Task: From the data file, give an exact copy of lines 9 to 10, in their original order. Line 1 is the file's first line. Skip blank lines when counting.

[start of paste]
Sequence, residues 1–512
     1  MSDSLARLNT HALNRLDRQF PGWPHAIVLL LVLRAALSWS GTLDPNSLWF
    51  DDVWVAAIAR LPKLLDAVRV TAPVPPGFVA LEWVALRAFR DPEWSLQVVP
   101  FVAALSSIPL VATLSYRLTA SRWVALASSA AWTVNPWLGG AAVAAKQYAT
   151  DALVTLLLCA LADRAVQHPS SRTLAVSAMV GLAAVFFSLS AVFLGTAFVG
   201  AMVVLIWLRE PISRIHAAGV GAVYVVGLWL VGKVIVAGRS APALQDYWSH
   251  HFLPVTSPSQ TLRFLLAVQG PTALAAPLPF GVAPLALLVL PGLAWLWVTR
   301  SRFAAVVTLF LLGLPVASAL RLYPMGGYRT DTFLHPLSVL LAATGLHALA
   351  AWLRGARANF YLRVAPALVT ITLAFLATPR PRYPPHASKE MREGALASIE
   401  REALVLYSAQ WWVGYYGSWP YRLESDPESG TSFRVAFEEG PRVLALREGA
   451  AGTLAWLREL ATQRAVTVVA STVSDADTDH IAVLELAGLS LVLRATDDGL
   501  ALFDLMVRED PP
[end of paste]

   351  AWLRGARANF YLRVAPALVT ITLAFLATPR PRYPPHASKE MREGALASIE
   401  REALVLYSAQ WWVGYYGSWP YRLESDPESG TSFRVAFEEG PRVLALREGA